HTC said today it will offer both Google Play and developer editions of the HTC One, in addition to the carrier variants. The Play Edition One will be sold directly from Google. It can be preordered beginning today only in silver. It will cost $699 and is sold without a contract. HTC believes the device will ship within 10 to 14 days. Importantly, HTC has made its camera API available to Google, so the Play Edition variant should be able to take advantage of the two-camera setup employed by the One for 3D shots. Google hasn't specifically said what it will do with the HTC camera API, however. The Play Edition will support quad-band GSM/EDGE, as well as HSPA+ in the 850/AWS/1900/2100MHz bands, and LTE in the 700/850/AWS/1900MHz bands (LTE roaming in the 1800/2600MHz bands). HTC itself is selling an unlocked developer edition of the One, also, which can be ordered from HTC.com beginning today for $649. It is a GSM model, though HTC didn't specify what 3G/4G bands it will support.
The HTC One can be purchased in the U.S. beginning today. The new smartphone from HTC will be available in Verizon Wireless retail stores beginning at approximately 1PM Eastern time. At the same time, the One will go on sale through the web sites of AT&T, Sprint, and HTC itself. T-Mobile is not offering web orders today. The One will not reach AT&T or Sprint retail stores until April 11, but can be ordered online today for delivery within several days. The One will become available from T-Mobile at some point in early April. The device retails for $199/$249, depending on the carrier, and has a full retail price of $649.
HTC today said it will offer developers APIs that hook into the new Blinkfeed application as well as the new camera on the HTC One. These APIs will let developers take advantage of the new duo-camera setup of the One, which can add 3D and other info to photos, to enhance their own apps. The BlinkFeed app has been improved in Sense 6.0, and the APIs should make it easier for One owners to seek out and add content to their feed. These APIs will be available to developers soon.
HTC today announced that it will release Sense 6.0 for existing One series phones (including the max and mini) this spring.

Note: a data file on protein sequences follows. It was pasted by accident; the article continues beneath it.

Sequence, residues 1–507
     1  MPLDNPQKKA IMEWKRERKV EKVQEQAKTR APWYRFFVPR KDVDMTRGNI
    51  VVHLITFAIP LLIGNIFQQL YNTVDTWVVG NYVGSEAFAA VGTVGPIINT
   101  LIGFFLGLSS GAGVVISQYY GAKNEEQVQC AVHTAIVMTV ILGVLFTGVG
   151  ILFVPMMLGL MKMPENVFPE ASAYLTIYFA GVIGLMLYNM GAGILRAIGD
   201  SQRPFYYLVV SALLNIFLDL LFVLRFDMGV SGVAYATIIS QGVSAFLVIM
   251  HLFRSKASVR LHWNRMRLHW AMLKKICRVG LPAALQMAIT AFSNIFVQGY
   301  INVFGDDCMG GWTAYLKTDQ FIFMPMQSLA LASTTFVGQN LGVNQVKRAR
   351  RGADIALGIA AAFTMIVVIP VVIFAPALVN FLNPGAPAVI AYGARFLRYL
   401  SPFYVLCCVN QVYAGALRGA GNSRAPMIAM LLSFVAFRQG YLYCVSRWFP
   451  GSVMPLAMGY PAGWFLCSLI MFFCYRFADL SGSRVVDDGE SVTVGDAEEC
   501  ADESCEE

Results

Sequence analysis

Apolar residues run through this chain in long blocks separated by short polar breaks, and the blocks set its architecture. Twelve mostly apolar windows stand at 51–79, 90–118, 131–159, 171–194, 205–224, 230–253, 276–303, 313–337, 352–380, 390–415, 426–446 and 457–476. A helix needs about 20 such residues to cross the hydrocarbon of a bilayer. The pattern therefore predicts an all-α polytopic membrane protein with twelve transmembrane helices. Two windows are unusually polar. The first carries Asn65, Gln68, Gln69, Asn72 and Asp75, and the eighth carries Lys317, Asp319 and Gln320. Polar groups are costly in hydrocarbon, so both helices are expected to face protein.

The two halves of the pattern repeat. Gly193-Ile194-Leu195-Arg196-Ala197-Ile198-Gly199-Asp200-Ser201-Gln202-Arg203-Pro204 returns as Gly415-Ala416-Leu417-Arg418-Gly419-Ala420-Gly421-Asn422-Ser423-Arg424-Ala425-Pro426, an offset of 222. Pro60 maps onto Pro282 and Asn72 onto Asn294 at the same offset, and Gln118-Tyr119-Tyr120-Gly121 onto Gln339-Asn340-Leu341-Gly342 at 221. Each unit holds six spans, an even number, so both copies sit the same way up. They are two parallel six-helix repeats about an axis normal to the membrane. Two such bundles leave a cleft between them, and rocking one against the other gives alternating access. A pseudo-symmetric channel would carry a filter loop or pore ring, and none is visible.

Here are some quick and dirty thoughts about the HTC One, which has an all-metal design, 5-inch HD screen, and a rewritten user interface.
HTC today announced the One, an update to its top-of-the-line smartphone for 2014. The new One uses more aluminum in its design and increases the screen to 5-inches with full HD resolution. The One features a two-camera design that lets users create 3D images and add other effects after the image has been taken. The main camera uses the same 4-ultrapixel configuration last year's device did, but uses a dual-LED flash, upgrades the ImageChip, and boosts the user-facing camera from 2-megapixels to 5-megapixels. The camera boasts an improved Zoe mode, HDT mode, the ability to take images using both cameras at the same time, as well as save camera presets for later. The One is powered by a 2.3GHz quad-core Snapdragon 801 processor, which is accompanied by 2GB of RAM. The device will be offered with 32GB of storage in the U.S., and supports microSD cards up to 128GB. Despite the all-metal design, the HTC includes NFC, Bluetooth 4.0, dual-band Wi-Fi, and support for U.S. LTE 4G networks. In addition to the hardware updates, HTC revealed Sense 6.0, its Android user interface overlay. The new version of Sense makes it easier to add content to Blinkfeed and manage home screens; adds lock-screen gestures that anticipate what the user wants; simplifies the camera and video camera software; and improved TV guide/remote software. HTC says the battery is 40% bigger than last year's phone, and it comes with "extreme power saving" mode, which shuts down all but the most essential apps when the battery reaches 5% and still provides for another 15 hours of battery life. Along with the One, HTC announced the Dot View case, which is a wrap-around case for the One. The front of the case is speckled with dots. Using the case puts the phone into an alternate notification mode that will use the dots to display notifications for incoming calls and text messages. The Dot View cast will be available separately for $50. The HTC One bears a full retail price of $649 and will be available soon.
Google today formally introduced its effort to port Android to wearables. The company announced Android Wear, a version of the Android operating system that will start with watches and eventually move on to other form factors. Google's immediate vision for wearables - and watches in particular - include some basic functions. Google believes smart wearables should provide useful information when the wearer needs it, such as posts, social network updates, and messaging notifications. Google thinks wearables should be able to answer questions, such as "OK Google." Google's Android-based wearables will include Google Now, its voice-based assistant, for performing searches and issuing commands. Android Wear will give people a better way to monitor their health and fitness, such as help with exercise goals and provide fitness summaries. Last, Google sees wearables as the key to a multiscreen world. Android Wear will let users access and control other devices - music players, phones, TVs - through Google Now. Developers interested in Project Android Wear can sign up to participate in a preview. Developers will be able to customize their app notifications for watches powered by Android Wear, for example. Google said that more resources, including APIs, will be available to developers soon. Google also noted that it is working with Asus, HTC, LG, Motorola, and Samsung to create Android Wear-based watches, which should arrive later this year.
Google recently indicated that devices running Android 4.3 and older will not be allowed to make tap-and-go payments via Google Wallet. The change goes into effect April 14. Moving forward, Android devices will need to run Android 4.4 KitKat and up to make NFC-based mobile payments. Additionally, Google said mobile payments will no longer be possible from the Samsung Galaxy Note III, HTC Evo 4G LTE, and the Google Nexus 7 (2012). Google did not provide a reason for making the change.